I decided to stay put at the Pour House to see some of Sneaks. I didn't know a single thing about them other than they recently signed to Merge, and I like the bulk of the Merge catalog so it was worth a shot. The band is a duo of young folks, a dude making beats on a computer and a dudette who rapped/sang/mumbled, occasionally played bass, and was also wearing plastic pants that made me hot just looking at them. It was...not for me, to put it kindly. The crowd seemed into it but I was totally confused. All of the songs were really short, the instrumentation very sparse, and the vocals were way too low in the mix - hell, they played two or three songs before I realized they weren't just dicking around doing sound check. I moved on after a handful of songs, but since each song was about a minute long a handful didn't take long.
I smartly chose to stop off at the Lincoln to see some of Mutoid Man. I knew they played metal, had some connection to Converge, and that was about it. I would best describe them as classic eighties-style thrash metal, but somehow lighthearted and fun. And I don't mean lighthearted in regard to the lyrics, cause I don't have a clue what the hell they were singing about - more so in the actions of the group, as they were clearly having fun. Smiling even! A metal band smiling on stage, while simultaneously headbanging, fucking with each other, and more general antics! Unprecedented, I say - metal is usually such serious business. Oh, and they started their set by playing the last half of "Purple Rain" (song, not album) - I can't think of a better, more fitting intro to this trio. My only regret is I didn't get to see more of them, as I needed to get to Television...if it had been nearly any other band in the entire festival that I was off to see next, I would have probably skipped it to see more of Mutoid Man.
Finally, Television. This was my most anticipated show of the whole festival, a classic band I've loved for ages but had never seen live. Yeah, Richard Lloyd wasn't there so it wasn't the true classic line-up...but, and I say this with all respect to Mr. Lloyd, I was there for Tom Verlaine first and foremost. Memorial Auditorium wasn't packed but there was a healthy crowd there, a mix of old fans (like myself) and young kids there to probably see what all the fuss is about with these "olds" on stage. After Tom requested the venue turn the lights nearly off (not ideal for taking photos, obviously), the band launched into an hour-and-a-half set, playing nearly all of their classic "Marquee Moon" and plenty more. After the show I heard some complaints that the band was boring and not very engaging or interesting, but that was not true for me at all - it probably helped that I was front and center in front of Tom Verlaine the entire time, completely mesmerized by his effortless guitar acrobatics. I've probably seen guitarists that were better technically, but I'm not sure I've ever seen anyone as effortlessly perfect. To no surprise they ended the set with an epic version of "Marquee Moon," and as happy as I was to hear the likes of "Prove It" and "Elevation," finally getting to hear the title track of their seminal album live was a legit bucket list item for me, and one I was very happy to finally fulfill.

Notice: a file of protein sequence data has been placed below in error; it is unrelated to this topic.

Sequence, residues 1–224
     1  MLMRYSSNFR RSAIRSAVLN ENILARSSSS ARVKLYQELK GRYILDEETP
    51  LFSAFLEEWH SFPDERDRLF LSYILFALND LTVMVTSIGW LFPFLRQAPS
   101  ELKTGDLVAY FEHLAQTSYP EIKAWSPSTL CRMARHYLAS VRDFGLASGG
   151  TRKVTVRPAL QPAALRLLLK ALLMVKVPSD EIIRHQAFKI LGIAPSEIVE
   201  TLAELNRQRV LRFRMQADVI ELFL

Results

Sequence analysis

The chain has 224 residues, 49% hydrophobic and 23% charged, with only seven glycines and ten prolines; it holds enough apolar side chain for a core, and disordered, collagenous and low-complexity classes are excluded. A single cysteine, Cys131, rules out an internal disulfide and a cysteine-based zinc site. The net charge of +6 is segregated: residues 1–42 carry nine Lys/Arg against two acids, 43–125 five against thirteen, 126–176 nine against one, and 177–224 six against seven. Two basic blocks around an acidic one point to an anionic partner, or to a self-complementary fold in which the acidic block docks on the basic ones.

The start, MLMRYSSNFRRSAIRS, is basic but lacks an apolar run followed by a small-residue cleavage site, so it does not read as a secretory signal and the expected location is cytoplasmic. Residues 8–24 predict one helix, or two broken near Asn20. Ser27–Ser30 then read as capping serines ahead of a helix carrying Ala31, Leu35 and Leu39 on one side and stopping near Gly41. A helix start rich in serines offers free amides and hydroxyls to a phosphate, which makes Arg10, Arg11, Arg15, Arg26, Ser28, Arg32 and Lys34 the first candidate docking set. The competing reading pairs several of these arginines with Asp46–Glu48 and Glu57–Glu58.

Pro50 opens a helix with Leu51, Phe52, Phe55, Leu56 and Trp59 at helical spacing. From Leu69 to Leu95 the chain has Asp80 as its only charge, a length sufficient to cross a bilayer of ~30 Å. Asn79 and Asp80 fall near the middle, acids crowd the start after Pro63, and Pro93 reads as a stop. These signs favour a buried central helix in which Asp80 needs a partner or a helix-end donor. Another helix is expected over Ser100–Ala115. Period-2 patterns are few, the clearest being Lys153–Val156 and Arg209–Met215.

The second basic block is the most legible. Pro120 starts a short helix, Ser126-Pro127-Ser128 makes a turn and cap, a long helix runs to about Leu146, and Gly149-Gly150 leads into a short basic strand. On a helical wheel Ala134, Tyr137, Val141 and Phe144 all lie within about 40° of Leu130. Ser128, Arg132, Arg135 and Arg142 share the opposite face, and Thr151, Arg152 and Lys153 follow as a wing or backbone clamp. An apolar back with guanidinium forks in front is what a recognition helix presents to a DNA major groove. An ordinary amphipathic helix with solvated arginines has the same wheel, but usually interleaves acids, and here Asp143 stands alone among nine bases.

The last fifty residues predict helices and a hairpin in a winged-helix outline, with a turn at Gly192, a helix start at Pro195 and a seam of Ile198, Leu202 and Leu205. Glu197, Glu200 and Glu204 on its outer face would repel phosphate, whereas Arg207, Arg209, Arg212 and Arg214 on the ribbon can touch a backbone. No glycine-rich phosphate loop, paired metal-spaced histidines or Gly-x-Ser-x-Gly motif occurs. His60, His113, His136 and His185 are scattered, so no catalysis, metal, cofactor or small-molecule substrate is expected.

My only real regret on the first night of Hopscotch is that Lambchop were playing at the same time as Television, forcing me to miss a local appearance by them for the first time in ages. Word is they were great, to no one's surprise. Lambchop will be back though, most likely sooner rather than later. Television may never grace these parts again, but here's to hoping.